CFP: Design/History/Revolution

Deadline:  7 December 2011

27-28 April 2012

The New School, New York, New York, USA

Keynote speaker: Barry Bergdoll, The Philip Johnson Chief Curator of Architecture & Design, MoMA

Whether by providing agitprop for revolutionary movements, an aesthetics of empire, or a language for numerous avant-gardes, design has changed the world. But how? Why? And under what conditions?  We propose a consideration of design as an historical agent, a contested category, and a mode of historical analysis. This interdisciplinary conference aims to explore these questions and to open up new possibilities for understanding the relationships among design, history and revolution. Casting a wide net, we define our terms broadly. We seek 20-minute papers that examine the roles of design in generating, shaping, remembering or challenging moments of social, political, economic, aesthetic, intellectual, technological, religious, and other upheaval. We consider a range of historical periods (ancient, pre-modern, early modern, modern, post- and post-post-modern) and geographical locations (“West,” “East,” “North,” South,” and contact zones between these constructed categories). We examine not only designed objects (e.g., industrial design, decorative arts, graphic design, fashion) but also spaces (e.g., architecture, interiors, landscapes, urban settings) and systems (e.g., communications, services, governments). And we welcome a diversity of disciplinary and inter-disciplinary approaches.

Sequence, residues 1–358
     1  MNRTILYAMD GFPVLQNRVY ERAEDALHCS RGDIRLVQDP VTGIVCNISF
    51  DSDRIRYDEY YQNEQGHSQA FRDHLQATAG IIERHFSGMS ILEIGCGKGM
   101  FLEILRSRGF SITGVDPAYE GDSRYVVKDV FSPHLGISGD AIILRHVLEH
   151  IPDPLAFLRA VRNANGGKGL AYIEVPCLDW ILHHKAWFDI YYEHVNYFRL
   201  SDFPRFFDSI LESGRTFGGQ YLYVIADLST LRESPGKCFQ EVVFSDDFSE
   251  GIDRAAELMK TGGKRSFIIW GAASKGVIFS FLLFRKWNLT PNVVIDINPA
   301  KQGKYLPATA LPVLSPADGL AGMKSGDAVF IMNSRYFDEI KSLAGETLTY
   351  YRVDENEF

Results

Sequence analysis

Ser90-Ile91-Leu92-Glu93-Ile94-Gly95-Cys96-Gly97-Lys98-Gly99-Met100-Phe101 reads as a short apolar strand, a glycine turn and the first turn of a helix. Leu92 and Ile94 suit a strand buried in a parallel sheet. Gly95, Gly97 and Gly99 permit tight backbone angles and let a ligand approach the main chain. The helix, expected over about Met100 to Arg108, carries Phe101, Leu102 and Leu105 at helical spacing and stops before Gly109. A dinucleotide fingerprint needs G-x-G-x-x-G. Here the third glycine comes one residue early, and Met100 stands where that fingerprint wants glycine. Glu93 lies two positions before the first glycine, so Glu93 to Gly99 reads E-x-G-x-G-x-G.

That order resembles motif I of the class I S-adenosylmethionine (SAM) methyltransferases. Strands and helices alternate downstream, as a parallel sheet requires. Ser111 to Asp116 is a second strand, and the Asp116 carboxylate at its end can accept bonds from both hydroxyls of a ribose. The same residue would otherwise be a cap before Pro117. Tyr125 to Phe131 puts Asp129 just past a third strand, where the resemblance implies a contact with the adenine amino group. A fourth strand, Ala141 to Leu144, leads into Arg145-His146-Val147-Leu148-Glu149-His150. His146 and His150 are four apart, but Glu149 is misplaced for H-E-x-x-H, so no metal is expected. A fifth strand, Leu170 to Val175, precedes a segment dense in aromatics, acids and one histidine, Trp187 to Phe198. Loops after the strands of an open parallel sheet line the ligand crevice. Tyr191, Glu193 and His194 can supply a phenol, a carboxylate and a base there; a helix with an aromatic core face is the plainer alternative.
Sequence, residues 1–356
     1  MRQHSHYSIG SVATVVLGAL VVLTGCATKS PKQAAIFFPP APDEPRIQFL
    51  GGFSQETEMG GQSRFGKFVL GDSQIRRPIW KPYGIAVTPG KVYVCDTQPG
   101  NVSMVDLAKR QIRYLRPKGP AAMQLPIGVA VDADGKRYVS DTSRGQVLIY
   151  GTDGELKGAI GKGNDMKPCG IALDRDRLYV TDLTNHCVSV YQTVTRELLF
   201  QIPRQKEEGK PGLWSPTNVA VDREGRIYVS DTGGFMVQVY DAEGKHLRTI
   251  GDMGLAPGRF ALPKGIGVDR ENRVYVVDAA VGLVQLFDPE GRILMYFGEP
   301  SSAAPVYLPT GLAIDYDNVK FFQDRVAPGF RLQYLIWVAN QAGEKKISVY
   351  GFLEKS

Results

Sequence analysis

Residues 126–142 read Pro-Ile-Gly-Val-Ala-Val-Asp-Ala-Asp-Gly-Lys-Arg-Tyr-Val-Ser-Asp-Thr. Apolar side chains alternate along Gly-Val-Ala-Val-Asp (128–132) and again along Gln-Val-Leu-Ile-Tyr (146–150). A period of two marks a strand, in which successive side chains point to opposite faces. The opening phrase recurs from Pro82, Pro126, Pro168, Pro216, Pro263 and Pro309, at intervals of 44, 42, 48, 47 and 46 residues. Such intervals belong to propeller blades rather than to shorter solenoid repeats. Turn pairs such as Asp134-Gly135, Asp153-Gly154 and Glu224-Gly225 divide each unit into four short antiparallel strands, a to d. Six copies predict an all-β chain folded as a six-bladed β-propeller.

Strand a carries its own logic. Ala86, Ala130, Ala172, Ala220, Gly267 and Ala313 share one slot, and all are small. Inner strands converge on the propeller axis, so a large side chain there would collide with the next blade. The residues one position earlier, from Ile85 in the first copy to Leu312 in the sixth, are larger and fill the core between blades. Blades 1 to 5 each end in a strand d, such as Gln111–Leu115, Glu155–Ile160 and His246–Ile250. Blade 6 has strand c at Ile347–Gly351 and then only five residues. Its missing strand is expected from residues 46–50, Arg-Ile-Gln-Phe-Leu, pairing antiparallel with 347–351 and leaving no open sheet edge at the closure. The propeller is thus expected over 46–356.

This conference brings together scholars from the humanities, sciences, and social sciences with designers, artists, and other creators. We hope not only to present multiple methodological approaches but also to foster conversations across traditional spatial, cultural, and disciplinary boundaries.

We list some possible subject areas, and encourage you to propose others:

  • Design and political / cultural / economic revolution….. Design and technological revolution…. Design and the print revolution
  • Design and government…. Design and social movements…. Design and surveillance…. Design and empire….
  • Design and historicity…. Design and the sacred……Design and the avant-garde…..
  • Design and memory…. Design and philosophy/philosophies of design…. Design and literature / literature of design….
  • Design and the everyday…. Design and consumerism… Design and education….
  • Designed landscapes…. Design and the environment…Design and the city….
  • Design and science … Design and cybernetics ….

Please submit a 250-word abstract (maximum) and 1-page CV to:

Laura Auricchio, Associate Professor of Art History and Chair of Humanities, The New School, NYC


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